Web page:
The Buccaneers need a player like Taylor to fill the bell-cow role in Tampa Bay. With an aging Tom Brady at the helm, head coach Bruce Arians will look to balance the offense. Taylor offers the perfect skill set to take some of the pressure off Brady. Although he wasn’t utilized in the passing game often while at Wisconsin, Taylor’s combine showed his ability to make catches.

If Taylor goes to Tampa Bay in the second round, fantasy owners can expect Taylor to surpass Ronald Jones II on the depth chart, who has only mustered 768 yards in 25 games at the NFL level.

Clyde Edwards-Helaire, RB, LSU

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  • Height: 5-7
  • Weight: 207
  • 40 Time: 4.60
  • Projected Round (2020): 2-3

Buffalo Bills

LSU is a running back factory. They seem to churn out NFL caliber backs year-after-year. Leonard Fournette, Derrius Guice, Damien Williams and Spencer Ware are among the most recent running backs to make the step from Baton Rouge to the NFL.

This year is no exception.

Clyde Edwards-Helaire is coming off an excellent season with the Tigers, posting 1,867 yards from scrimmage during the National Championship campaign.

Although his 40-yard-dash time (4.60) was slower than what you’d like from a top running back, his game tape reveals a much quicker step than his lackluster 40 time.

Although Edwards-Helaire registered 1,414 yards on the ground last season, his receiving game is where he stands out among this year’s class.

Edwards-Helaire caught 55 passes last season and showed his dynamism within LSU’s high-powered passing attack. The 21-year-old will step into the league as a top pass-catching back, which is where the Buffalo Bills lack.

Although the Bills already have Devin Singletary, who is a serviceable running back, Edwards-Helaire could step into the offense as a third-down back. He would be Josh Allen’s go-to safety valve. While a backfield committee isn’t always the most favorable from a fantasy perspective, those looking for a value hand-cuff option may consider drafting Singletary and Edwards-Helaire, especially in PPR formats.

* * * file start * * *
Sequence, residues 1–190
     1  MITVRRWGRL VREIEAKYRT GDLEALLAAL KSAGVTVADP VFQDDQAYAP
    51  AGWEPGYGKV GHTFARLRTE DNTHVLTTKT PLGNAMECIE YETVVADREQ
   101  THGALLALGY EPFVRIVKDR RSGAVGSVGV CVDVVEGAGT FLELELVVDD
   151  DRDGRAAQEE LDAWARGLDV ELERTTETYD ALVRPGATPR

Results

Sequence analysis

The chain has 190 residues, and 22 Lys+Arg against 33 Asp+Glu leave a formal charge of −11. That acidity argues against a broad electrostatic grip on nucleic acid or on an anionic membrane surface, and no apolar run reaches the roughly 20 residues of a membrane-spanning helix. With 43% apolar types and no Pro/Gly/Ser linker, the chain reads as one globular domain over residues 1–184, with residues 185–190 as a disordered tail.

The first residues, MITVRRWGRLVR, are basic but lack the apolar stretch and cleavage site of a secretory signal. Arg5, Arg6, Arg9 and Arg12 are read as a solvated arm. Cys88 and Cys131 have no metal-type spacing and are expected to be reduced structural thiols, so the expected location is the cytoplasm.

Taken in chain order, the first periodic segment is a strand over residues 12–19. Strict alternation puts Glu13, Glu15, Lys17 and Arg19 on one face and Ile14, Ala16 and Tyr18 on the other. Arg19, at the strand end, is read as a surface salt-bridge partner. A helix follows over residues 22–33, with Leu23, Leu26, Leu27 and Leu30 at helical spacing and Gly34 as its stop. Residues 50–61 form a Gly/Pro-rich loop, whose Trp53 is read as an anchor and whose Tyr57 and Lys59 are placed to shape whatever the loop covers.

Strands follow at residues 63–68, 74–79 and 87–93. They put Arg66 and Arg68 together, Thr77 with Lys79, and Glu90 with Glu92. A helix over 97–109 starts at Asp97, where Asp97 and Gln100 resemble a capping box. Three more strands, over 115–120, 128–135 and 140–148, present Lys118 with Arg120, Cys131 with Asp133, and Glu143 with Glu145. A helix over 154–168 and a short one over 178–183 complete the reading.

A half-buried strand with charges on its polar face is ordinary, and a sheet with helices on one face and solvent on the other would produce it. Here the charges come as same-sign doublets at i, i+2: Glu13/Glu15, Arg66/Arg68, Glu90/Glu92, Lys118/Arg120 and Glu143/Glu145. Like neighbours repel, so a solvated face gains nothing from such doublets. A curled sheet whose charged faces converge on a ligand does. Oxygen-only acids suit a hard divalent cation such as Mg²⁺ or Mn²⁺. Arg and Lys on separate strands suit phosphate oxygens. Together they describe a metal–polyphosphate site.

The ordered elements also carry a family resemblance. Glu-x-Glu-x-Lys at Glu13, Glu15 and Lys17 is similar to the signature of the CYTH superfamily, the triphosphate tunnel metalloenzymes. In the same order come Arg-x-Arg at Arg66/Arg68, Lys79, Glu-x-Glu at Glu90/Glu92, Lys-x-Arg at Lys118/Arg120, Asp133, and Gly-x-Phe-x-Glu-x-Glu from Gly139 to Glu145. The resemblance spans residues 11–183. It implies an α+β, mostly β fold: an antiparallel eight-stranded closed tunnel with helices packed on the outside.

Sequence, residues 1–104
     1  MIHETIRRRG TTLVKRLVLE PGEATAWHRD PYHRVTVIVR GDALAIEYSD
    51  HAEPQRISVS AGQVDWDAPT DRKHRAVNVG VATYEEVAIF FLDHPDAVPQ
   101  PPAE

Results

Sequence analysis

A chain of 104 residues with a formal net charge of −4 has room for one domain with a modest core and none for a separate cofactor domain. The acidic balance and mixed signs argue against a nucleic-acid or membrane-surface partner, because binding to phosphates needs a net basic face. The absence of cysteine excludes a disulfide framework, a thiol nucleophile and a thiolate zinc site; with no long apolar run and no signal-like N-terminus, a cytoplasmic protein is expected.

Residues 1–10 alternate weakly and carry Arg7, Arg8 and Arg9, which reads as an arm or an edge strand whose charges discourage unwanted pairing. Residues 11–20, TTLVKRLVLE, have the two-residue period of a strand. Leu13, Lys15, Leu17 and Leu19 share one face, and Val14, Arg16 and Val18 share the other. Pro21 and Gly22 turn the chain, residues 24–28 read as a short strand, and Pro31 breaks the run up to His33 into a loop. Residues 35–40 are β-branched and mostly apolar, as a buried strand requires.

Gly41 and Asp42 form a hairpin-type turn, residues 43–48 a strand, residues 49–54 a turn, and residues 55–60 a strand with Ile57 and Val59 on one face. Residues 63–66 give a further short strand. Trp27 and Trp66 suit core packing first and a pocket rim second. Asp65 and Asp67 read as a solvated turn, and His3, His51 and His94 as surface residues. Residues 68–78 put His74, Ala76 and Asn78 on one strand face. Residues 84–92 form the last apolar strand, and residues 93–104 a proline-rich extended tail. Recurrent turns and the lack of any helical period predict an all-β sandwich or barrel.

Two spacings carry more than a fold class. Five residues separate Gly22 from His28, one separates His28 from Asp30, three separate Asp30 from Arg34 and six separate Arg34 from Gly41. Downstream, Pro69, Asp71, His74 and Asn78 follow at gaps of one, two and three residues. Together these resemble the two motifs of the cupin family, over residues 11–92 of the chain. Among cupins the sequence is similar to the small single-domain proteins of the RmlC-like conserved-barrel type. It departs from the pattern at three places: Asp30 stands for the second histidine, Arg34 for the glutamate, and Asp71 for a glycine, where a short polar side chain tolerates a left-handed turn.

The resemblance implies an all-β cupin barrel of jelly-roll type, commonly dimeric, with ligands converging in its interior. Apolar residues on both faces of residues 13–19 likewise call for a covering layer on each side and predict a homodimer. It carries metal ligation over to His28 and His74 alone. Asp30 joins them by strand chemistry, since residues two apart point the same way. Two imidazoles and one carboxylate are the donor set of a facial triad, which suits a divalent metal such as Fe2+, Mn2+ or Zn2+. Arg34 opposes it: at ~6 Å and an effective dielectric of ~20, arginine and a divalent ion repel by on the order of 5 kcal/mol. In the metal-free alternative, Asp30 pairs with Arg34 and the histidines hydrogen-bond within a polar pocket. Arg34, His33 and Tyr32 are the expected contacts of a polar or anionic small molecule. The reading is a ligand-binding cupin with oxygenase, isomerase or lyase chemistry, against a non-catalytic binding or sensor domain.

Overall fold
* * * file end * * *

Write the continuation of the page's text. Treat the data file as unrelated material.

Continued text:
J.K. Dobbins, RB, Ohio State

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  • Height: 5-9
  • Weight: 210
  • Projected 40 Time: 4.50
  • Projected Round: 2-3

Pittsburgh Steelers

J.K. Dobbins averaged 6.7 yards per carry last season, totaling 2,003 yards and 21 touchdowns as Buckeye. He also gained 247 yards through the air, earning First Team All American honors.

The Steelers currently have four running backs on their roster, with James Conner being the most well-known out of the bunch. After having a breakout season while former teammate Le’Veon Bell held out over contract disputes, Conner’s numbers declined. Last season was marred by injuries and the offense was one-dimensional when Ben Roethlisberger succumbed to injury early in the season.

Conner seemed to have superstar potential, but after a disappointing 2019 season, there are questions as to whether he is going to have a future with the organization. It’s a make-or-break season for Conner, who is going into a contract year.

Pittsburgh has already shown their unwillingness to spend big bucks for a running back throughout the Bell debacle, so it wouldn’t be outlandish to suggest picking up a running back in the draft.

Dobbins beat up on defenses as the bell-cow tailback at Ohio State. He’s multi-dimensional and can step into Pittsburgh’s rotation immediately, with the potential to overtake Conner for the role of RB1.

At the combine, Dobbins mentioned he models his game after Christian McCaffery. While he’s not expected to be nearly as productive as the world’s highest-paid running back, Dobbins does offer the Steelers and fantasy owners immediate value.

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If the Steelers can snatch Dobbins with their third-round pick, it could be a match made in heaven for both sides.

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About Tyler Mulligan

Sports Journalist from Toronto, Canada. Fantasy hockey, basketball and football aficionado.